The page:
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  • First, about "My Luke and I"--Fred Lieb provides some personal details about Gehrig in his final book, Baseball As I Have Known It--a great read.

    I just finished--finally picked it up!--Danny Peary's We Played The Game, which is oral histories by players from 1947 to 1964, edited so that it goes year-by-year, team-by-team. I don't know that that editing works so well as how Lawrence Ritter and Donald Honig traditionally do it, by player. But it was fascinating and I learned a lot about how it was in that era. What stood out were how diametrically opposed some of them were on the same people and issues, and how the only owner who seemed to strike just about all of the players as a decent human being was Bill Veeck.

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    • I'm currently reading "A Whole Different Ballgame" by Marvin Miller, which tells about how the Player's Assn. began. Very interesting reading.

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      • Have just finished reading Boys of Summer. Loved the book especially how Kahn describes his relationship with his father. It can touch a cord with any father son relationship which involved a love of sport.

        Have also been reading A Great & Glorious Game – Baseball writings of Bart Giamatti. Enjoyed this book as well. I love the prose & the parallels the writer draws between baseball & everyday life. My kind of writing.

        Just started Crazy 08 a couple of nights ago which so far is really good.
        I believe in all that - in baseball, in picnics, in freedom. Walt Whitman, 1888

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        • Originally posted by Michael Green View Post
          I just finished--finally picked it up!--Danny Peary's We Played The Game, which is oral histories by players from 1947 to 1964, edited so that it goes year-by-year, team-by-team. I don't know that that editing works so well as how Lawrence Ritter and Donald Honig traditionally do it, by player. But it was fascinating and I learned a lot about how it was in that era. What stood out were how diametrically opposed some of them were on the same people and issues, and how the only owner who seemed to strike just about all of the players as a decent human being was Bill Veeck.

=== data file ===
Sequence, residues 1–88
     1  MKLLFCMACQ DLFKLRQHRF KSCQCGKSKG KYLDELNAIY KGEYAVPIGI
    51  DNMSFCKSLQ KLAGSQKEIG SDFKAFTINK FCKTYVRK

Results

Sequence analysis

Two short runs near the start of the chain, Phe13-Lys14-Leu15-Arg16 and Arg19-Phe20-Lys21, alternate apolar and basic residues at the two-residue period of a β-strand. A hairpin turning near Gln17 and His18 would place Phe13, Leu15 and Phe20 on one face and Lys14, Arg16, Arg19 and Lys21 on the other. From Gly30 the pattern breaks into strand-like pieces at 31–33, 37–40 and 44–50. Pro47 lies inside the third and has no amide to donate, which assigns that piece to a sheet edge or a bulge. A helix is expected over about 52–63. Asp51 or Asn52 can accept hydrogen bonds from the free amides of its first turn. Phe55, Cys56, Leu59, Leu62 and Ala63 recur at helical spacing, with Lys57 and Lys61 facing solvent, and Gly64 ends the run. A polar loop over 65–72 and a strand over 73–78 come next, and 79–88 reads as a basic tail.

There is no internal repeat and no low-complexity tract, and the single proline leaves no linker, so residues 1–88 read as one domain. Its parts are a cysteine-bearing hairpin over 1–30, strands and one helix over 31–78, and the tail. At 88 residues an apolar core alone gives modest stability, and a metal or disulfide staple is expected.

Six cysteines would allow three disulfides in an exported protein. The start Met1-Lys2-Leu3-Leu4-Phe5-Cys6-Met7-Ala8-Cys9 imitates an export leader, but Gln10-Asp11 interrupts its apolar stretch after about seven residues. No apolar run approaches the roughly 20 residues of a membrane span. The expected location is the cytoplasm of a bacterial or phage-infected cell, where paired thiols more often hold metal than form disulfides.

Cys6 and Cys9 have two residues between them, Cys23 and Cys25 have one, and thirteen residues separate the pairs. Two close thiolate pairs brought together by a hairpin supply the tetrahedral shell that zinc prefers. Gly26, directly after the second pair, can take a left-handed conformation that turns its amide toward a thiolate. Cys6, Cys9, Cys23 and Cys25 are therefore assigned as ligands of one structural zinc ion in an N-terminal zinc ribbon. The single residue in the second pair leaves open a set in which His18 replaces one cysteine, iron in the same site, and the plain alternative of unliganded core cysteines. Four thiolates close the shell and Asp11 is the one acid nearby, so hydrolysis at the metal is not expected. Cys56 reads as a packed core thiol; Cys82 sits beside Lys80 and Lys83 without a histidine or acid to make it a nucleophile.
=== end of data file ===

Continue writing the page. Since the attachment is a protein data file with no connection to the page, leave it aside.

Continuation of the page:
I had the same issue with Peary's editing choice-I found myself skipping from year to year to keep the continuity of the player I was reading about. Ritter had it right in The Glory of Their Times, Peary's approach didn't work as well for me.
          They call me Mr. Baseball. Not because of my love for the game; because of all the stitches in my head.

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          • Originally posted by AussieYank View Post
            Have just finished reading Boys of Summer. Loved the book especially how Kahn describes his relationship with his father. It can touch a cord with any father son relationship which involved a love of sport.
            To me, Boys Of Summer is possibly the best baseball book ever written...
            sigpicMan, do I *HATE* the Yankees!!!!!!

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            • Originally posted by AussieYank View Post
              Have just finished reading Boys of Summer. Loved the book especially how Kahn describes his relationship with his father. It can touch a cord with any father son relationship which involved a love of sport.

              Have also been reading A Great & Glorious Game – Baseball writings of Bart Giamatti. Enjoyed this book as well. I love the prose & the parallels the writer draws between baseball & everyday life. My kind of writing.

              Just started Crazy 08 a couple of nights ago which so far is really good.
              I really enjoyed The Boys of Summer too, although I wouldn't rate it as the best baseball book ever. My vote (at least to this point) for that would go to The Glory of Their Time. Ritter's interviews with the oldtimers were outstanding.

              Crazy 08 is an excellent read as well. She does a fine job with the material and weaving the baseball history and general history into a nice cohesive tapestry.